If you had to think of cracking films about prisons and gardens on this side of the Atlantic, you might come up with Scum, say, and The Draughtsman's Contract. You wouldn't pause for breath at Peter Cattaneo's cute crime caper Lucky Break, or last year's wilting weed flick Saving Grace. Sadly, Joel Hershman's rehab-through-gardening rom-com sits in the same wet soil as the latter two.
If the pitch of hardened horticultural criminals sounds like it might score on perversity alone, the film's shamelessly conventional trimmings soon put paid to that. You've seen this British-pluck-triumphing-over-adversity pap before, made either by a Brit with a sniper's eye on US takings or, as here, an American with a thing for that famous `British eccentricity'. The cheesy characters are bad enough, ranging from salt-of-the-earth psychos to posh totty and old lag; at the film's lowest point, Clive Owen's `rousing' we-won't-be-beat speech could have been cut from Independence Day. Throw in a love interest called Primrose and it's no surprise that global warming hasn't hit Hershman's little England - - there's no rain on this film's sun-dappled disposition.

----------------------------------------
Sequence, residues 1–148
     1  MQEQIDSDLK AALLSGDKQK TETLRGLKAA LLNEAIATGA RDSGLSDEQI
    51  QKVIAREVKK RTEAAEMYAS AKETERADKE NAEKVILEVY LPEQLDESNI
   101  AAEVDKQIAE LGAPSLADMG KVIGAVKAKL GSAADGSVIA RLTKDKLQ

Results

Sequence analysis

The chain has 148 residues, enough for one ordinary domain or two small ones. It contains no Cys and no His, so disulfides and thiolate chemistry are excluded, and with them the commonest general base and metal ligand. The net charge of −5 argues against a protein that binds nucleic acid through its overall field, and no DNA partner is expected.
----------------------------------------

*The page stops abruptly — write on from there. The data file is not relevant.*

Owen, David Kelly, Helen Mirren and Natasha Little gamely struggle to spruce up the skimpy script, but they can't do much with their characters' primary-school level life lessons. It's redemption and rehabilitation whittled down to genre mechanics, making a line like "sometimes it takes very little to put things right" sound like an excuse for doing "very little", not some noble truth.
Sure, you could argue that Hershman's a generous helmsman - - at least his characters are given the chance to change. But he's trading in tougher issues than his undernourished film can cope with. Brit-hit packaging or not, it'll be a miracle if it survives out there.